Hospitalized patients who experience low blood glucose levels are at substantially increased risk of death, both over the short term and after discharge, compared with those who don't have hypoglycemia, regardless of their diabetes status, new results from a large-scale study indicate. The findings show that, in hospitalized patients with spontaneous and insulin-related hypoglycemia, the mortality risk is more than doubled, rising to an approximately fourfold increased risk of death in patients with severe hypoglycemia (compared with those without hypoglycemia).
By Scott E. Rupp
"Show me the money" is a statement made famous by the somewhat-long-in-the-tooth '90s movie classic, "Jerry Maguire." Today, the statement is known for its directness in proving whether a business or industry is success. Typically, anyone who is able to utter such a phrase is "worthy" of the proverbial funds, as we were taught in the film. Healthcare is one of those sectors, and it can certainly scream "show me the money" from within any corner of its locker room.
Artificial intelligence and machine learning are predicted to be part of the next industrial revolution and could help business and industry save billions of dollars by the next decade. The tech giants Google, Facebook, Apple, IBM and others are applying artificial intelligence to all sorts of data.
Machine learning methods are being used in areas such as translating language almost in real time, and even to identify images of cats on the internet.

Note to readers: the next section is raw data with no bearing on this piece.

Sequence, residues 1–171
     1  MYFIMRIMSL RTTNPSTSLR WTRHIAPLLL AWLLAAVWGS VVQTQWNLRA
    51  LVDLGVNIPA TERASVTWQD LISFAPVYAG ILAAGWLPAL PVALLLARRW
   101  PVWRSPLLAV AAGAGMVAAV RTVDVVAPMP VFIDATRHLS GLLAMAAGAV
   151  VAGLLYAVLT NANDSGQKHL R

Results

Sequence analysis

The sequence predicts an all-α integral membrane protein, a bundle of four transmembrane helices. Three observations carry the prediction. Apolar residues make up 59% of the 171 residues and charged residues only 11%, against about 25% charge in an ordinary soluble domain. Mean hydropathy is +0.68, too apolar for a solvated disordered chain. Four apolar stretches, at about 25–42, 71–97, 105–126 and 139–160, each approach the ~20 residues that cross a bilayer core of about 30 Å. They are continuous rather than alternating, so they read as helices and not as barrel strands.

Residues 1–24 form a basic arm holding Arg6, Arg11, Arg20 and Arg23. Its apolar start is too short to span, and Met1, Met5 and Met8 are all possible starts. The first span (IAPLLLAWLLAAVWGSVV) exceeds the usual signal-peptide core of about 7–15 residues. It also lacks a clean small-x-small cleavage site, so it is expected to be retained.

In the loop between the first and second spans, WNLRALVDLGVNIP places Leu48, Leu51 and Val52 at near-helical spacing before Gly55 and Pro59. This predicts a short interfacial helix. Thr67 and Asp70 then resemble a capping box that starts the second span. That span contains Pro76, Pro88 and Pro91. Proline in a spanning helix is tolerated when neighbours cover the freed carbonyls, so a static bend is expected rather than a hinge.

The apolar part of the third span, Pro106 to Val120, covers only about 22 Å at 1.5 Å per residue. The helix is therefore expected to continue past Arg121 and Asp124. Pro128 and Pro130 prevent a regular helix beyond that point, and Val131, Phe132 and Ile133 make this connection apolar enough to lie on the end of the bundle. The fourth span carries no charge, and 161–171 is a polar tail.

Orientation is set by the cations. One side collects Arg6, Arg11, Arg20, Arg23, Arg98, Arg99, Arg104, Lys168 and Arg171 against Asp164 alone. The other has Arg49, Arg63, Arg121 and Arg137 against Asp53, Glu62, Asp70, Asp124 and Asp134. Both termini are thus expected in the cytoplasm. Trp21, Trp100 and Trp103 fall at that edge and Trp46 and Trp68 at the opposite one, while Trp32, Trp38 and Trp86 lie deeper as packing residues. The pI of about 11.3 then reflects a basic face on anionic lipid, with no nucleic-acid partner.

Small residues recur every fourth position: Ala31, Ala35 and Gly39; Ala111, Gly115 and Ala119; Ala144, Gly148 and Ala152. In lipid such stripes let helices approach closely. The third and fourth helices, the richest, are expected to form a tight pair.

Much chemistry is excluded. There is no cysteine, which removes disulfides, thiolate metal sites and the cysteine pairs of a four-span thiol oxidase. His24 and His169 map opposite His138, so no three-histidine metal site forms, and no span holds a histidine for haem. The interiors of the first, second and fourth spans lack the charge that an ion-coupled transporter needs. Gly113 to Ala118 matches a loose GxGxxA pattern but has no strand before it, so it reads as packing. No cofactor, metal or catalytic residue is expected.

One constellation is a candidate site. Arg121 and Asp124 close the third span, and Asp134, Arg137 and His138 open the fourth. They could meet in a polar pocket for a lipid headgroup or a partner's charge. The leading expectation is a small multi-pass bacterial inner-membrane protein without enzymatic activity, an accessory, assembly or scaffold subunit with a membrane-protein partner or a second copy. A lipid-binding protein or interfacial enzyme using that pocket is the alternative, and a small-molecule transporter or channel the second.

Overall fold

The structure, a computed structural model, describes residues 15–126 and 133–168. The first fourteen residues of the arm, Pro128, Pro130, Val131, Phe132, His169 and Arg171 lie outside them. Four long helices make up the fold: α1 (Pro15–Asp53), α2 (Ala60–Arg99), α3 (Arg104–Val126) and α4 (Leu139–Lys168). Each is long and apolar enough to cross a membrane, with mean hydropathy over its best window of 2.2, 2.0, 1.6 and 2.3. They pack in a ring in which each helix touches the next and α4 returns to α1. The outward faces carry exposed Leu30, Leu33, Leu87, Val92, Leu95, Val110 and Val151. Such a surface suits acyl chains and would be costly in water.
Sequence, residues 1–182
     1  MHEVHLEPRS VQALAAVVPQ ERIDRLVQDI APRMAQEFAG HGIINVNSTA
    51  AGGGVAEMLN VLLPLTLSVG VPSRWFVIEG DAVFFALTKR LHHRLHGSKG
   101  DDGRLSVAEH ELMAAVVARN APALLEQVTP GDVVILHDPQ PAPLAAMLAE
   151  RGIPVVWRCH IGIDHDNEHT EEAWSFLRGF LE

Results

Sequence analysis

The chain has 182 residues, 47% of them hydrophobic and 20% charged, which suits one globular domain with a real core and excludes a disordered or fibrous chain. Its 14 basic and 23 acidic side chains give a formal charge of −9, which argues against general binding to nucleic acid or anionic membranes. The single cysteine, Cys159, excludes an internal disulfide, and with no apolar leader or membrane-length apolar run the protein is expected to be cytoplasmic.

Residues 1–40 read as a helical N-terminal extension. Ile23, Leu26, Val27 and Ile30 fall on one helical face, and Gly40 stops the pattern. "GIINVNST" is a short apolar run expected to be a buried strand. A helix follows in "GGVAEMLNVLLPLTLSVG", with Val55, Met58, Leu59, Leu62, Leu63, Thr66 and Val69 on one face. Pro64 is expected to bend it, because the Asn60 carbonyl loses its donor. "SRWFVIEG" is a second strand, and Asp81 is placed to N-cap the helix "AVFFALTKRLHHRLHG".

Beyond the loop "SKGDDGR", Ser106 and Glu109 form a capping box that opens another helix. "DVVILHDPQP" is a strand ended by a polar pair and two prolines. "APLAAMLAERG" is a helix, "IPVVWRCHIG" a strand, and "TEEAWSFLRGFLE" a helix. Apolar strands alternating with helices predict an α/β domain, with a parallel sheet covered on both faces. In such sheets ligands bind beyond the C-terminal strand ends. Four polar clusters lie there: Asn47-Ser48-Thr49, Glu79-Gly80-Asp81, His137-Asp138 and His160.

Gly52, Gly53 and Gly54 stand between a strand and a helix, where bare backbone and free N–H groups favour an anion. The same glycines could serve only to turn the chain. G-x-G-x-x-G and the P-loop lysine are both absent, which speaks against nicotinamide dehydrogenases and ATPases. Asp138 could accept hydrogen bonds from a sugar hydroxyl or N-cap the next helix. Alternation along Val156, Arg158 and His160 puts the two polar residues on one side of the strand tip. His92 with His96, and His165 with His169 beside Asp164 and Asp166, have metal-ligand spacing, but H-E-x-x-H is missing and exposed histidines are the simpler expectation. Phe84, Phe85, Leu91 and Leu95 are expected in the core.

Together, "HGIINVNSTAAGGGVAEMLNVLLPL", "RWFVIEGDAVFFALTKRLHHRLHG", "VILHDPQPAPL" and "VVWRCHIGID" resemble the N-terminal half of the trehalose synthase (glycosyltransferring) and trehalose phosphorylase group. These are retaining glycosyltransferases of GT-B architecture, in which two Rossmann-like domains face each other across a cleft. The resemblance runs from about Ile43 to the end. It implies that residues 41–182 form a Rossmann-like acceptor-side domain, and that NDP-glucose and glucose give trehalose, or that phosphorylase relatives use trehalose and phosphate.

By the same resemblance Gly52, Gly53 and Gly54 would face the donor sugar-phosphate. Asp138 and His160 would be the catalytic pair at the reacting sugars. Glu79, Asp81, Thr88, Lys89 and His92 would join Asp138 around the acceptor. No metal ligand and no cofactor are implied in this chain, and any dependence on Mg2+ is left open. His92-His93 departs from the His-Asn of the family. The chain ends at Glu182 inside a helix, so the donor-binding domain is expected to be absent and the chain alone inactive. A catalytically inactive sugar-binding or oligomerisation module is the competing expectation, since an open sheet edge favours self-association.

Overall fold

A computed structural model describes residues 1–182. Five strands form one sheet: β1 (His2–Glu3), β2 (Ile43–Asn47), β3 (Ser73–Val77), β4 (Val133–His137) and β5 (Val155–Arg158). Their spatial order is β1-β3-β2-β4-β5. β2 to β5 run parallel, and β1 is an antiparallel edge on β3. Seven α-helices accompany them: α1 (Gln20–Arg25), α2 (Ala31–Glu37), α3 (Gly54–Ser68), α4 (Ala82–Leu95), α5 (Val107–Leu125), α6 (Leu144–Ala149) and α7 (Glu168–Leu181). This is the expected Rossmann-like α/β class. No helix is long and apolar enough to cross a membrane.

So why haven't we seen artificial intelligence used to the same extent in healthcare?
The United States is in the midst of an opioid epidemic that has been responsible for a 200 percent increase in deaths due to overdose of heroin or an opioid pain reliever since 2000. Between 2013 and 2014, rates of opioid deaths increased from 7.9 to 9.0 per 100,000 people. A particular area of concern for the healthcare industry is the increase in overdose deaths involving prescription opioid pain relievers, which claimed 18,893 lives in 2014 — the most for any year on record, and more than 4 times the number of such overdoses in 1999.
We are getting better at handing off patients from our office to the emergency room. Now we just have to figure out how to make handoffs work well in the other direction.
Many, many years ago, after a series of unfortunate events occurred as a result of poor communication during transitions of care, we developed a robust system to create a safe handoff system for patients being transferred from the outpatient setting to the emergency room.
By Jason Poquette
No matter what side of the political fence you sit on, healthcare price transparency is a factor that most feel is important. We all know that when prices are clear and options are available, competition will drive down costs. For example, we all know what a gallon of gas will cost us at XYZ gas station. If the price suddenly goes up by a dime, we'll drive another half-mile to get a better price. For some reason, we have allowed healthcare to operate by a different set of rules.
Although sunburns are highly preventable, they are still responsible for tens of thousands of expensive visits to U.S. emergency rooms each year, according to a recent analysis.
The total tab in 2013 for sunburn-related emergency room visits was $11.2 million, researchers report in The American Medical Association’s journal Dermatology, with the great majority of cases among people under age 30.
Advance Healthcare Network
A nurse takes a report from the emergency department regarding Joe, a 748-pound patient with a Stage III right buttock pressure ulcer from months of bed rest and respiratory failure related to bronchitis and probable obesity hypoventilation syndrome. The patient arrives to the respiratory step-down unit on a bed that is too small to accommodate his size comfortably.
7701 Las Colinas Ridge, Ste. 800, Irving, TX 75063